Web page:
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Monday, 23 July, 2001, 13:05 GMT 14:05 UK
The Bonn deal: Winners and losers
By BBC News Online's environment correspondent Alex Kirby in Bonn
The Bonn climate agreement is a compromise, with winners and losers.
And some who were not here at all may have cause to remember Bonn with chagrin.
The European Union certainly gave away things it held dear, notably on forests. These are an example of the quaintly named "carbon sinks" - vegetation which absorbs carbon dioxide.
The EU does not like sinks much, because it believes they give countries an excuse to avoid making real cuts in pollution from industry, transport and homes.
But the EU had to yield to demands from several leading members of what is known here as the Umbrella Group, who wanted to make generous use of sinks.
John Lanchbery, of the UK's Royal Society for the Protection of Birds, has followed the climate negotiations for years.
"The EU desperately wanted a deal, and it gave away far more on sinks than it wanted to. It made some severe compromises," he told BBC News Online.
"But you could describe Japan as a clear winner. Everyone wanted to have it on board, because its support was crucial to the protocol's survival. So it was in a very strong position, and it made the most of it."
The developing countries are probably leaving Bonn in a happier state of mind than when they arrived.
They have secured promises of significant funding to help them to adapt to climate change, for technology transfer, capacity building and sustainable development.
President Bush declared last March that the US would not ratify the protocol, which he described as "fatally flawed".
The US is the world's biggest polluter - and its biggest economy - and there were many who thought it would be impossible to secure a deal on Kyoto without the US being involved.
Bonn has proved them wrong. And it has probably given the EU something which in the long run will outweigh the compromises it had to make on sinks: political self-confidence.
The European Environment Commissioner, Margot Wallstrom, said after the deal had been struck: "I think something has changed today in the balance of power between the US and the EU."
There has been another loser here: the atmosphere.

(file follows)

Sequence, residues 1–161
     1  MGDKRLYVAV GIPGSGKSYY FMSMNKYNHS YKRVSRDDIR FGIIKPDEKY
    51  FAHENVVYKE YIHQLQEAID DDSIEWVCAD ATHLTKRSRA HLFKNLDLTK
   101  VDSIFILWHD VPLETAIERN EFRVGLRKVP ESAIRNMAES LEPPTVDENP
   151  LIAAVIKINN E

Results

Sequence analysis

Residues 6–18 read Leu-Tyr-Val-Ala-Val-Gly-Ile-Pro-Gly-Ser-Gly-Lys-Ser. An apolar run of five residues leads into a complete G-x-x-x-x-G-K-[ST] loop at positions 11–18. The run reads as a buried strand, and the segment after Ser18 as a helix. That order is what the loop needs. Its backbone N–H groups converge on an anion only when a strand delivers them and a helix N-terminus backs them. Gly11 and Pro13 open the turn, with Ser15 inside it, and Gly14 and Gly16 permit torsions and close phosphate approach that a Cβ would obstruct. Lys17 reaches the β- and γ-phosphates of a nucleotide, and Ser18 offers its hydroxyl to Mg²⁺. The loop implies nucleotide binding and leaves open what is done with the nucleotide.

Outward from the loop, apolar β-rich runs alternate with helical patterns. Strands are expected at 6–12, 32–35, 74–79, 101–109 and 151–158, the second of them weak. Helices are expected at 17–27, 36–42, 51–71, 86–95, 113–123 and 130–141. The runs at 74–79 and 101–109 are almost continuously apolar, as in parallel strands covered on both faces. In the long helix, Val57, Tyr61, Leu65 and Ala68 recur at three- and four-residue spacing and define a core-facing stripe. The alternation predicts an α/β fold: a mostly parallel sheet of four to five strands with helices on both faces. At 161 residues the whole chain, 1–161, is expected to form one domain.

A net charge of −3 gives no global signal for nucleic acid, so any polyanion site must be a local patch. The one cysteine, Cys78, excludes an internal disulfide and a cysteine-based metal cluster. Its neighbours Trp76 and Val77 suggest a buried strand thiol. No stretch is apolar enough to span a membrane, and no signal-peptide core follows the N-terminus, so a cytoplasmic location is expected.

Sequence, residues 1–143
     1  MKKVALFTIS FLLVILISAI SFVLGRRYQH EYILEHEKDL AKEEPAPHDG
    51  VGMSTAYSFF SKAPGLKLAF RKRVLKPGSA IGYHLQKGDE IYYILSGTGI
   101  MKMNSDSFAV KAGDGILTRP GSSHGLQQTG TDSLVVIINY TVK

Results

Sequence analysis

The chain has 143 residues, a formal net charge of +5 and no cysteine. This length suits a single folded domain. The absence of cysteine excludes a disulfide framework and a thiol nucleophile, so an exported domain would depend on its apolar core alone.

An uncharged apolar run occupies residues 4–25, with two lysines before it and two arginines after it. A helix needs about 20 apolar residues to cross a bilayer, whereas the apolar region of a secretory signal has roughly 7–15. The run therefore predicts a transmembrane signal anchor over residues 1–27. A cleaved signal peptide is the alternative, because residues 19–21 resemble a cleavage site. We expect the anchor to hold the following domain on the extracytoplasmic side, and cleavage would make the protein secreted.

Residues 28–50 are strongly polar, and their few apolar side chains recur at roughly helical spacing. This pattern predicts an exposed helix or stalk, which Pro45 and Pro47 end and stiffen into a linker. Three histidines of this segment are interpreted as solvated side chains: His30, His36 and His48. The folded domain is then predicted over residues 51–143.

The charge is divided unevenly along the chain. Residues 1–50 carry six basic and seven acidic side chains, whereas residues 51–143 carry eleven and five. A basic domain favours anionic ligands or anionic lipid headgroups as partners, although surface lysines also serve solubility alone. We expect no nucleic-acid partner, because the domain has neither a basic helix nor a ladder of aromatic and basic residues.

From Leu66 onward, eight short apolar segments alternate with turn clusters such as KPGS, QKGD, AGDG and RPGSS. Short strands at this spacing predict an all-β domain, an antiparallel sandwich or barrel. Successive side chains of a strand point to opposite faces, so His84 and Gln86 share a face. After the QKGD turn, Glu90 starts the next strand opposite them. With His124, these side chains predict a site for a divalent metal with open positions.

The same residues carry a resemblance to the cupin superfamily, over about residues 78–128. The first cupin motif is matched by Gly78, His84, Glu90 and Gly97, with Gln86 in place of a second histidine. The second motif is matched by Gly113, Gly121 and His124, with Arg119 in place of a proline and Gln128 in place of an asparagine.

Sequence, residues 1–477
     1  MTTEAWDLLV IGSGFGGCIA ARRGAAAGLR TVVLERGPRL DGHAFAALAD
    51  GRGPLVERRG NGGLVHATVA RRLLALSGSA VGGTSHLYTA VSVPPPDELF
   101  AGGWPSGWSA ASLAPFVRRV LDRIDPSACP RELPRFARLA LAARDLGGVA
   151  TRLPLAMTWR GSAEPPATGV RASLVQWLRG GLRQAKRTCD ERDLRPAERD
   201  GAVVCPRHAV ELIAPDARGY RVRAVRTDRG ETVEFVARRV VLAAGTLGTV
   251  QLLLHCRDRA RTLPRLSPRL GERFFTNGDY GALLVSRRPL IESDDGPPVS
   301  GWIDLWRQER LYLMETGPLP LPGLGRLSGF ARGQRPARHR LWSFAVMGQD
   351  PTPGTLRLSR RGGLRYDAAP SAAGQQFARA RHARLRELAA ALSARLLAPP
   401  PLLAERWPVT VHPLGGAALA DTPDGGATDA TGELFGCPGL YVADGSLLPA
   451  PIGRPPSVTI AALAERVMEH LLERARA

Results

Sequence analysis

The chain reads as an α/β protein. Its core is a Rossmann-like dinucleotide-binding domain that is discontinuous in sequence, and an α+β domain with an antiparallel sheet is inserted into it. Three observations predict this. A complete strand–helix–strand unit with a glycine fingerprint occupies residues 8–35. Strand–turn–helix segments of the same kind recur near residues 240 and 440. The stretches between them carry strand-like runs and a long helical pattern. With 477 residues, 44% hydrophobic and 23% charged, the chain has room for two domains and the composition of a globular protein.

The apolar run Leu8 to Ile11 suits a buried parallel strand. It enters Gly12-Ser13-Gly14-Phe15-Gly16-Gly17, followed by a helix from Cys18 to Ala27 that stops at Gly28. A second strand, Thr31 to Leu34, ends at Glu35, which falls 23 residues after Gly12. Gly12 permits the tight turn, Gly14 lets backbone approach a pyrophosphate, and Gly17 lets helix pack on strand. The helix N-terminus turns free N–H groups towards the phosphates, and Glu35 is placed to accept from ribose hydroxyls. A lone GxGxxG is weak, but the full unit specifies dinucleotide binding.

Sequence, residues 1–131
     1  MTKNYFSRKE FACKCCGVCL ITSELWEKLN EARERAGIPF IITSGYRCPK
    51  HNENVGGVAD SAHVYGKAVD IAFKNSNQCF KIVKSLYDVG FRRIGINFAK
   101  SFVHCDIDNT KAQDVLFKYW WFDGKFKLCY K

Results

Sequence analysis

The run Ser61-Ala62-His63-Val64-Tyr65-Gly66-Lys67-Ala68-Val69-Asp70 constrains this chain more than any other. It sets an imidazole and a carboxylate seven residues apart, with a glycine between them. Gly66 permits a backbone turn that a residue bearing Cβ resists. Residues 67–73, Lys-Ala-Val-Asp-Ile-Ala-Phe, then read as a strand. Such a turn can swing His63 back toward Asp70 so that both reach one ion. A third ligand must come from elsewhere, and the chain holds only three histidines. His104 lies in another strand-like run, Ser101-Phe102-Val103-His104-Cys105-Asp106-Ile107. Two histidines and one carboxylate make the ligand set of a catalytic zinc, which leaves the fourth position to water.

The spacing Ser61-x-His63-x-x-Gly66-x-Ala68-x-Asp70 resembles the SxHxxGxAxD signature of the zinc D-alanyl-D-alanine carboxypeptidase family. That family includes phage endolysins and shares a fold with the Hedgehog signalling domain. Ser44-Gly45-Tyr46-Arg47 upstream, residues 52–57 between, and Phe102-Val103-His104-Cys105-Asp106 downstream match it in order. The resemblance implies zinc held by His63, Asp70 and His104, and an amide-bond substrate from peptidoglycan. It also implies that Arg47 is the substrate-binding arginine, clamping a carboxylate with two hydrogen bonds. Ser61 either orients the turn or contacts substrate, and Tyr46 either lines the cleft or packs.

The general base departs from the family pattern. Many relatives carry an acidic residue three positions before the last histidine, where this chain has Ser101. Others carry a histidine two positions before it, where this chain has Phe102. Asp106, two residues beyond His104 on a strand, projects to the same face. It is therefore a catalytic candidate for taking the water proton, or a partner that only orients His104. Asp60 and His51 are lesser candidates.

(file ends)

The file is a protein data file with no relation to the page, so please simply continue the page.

The cuts in greenhouse emissions that the Bonn deal will achieve will, according to environmental campaigners, prove to be only about 2% of their 1990 levels by the cut-off date in 2012.
After that there will be a new set of targets, this time including developing countries.
The original protocol, agreed in 1997, committed signatories to cuts more than twice as great - an average of 5.2% on 1990 emissions.
So the Bonn compromise is a marked retreat from the modest step the world had been planning to take - modest, because many climate scientists say emission cuts of more than 50% will be needed some time this century.
Winning back the US
In a telling phrase, Greenpeace described the emerging compromise as "Kyoto Lite", but it is a start.
And the Belgian Energy Minister, Olivier Deleuze, probably spoke for many other delegates when he said: "I prefer an imperfect, living agreement to a perfect one that doesn't exist."
He even held out hope that Bonn might be the start of the road to winning the US back.
"To bring the US on board," he said, "we first had to have a boat. Now we've got a boat. So I think the conversation with the US could become easier."
Gains outweigh losses
Phil Clapp, of the National Environmental Trust, a US group, believes the Bonn compromise will deliver real and valuable cuts in emissions.
He told BBC News Online he thought President Bush had suffered a double blow.
"Europe has shown it is capable of assuming the world's moral leadership without defining it in terms as crude as nuclear throw weight," he said.
"And Japan's decision to support Kyoto despite the US repudiation is perhaps Tokyo's biggest declaration of independence from the Americans since World War II."
No-one will be leaving Bonn convinced that the deal is perfect, but many believe the gains outweigh the losses.
And Margot Wallstrom struck a chord when she said: "I think we can now go home and look our children in the eye."
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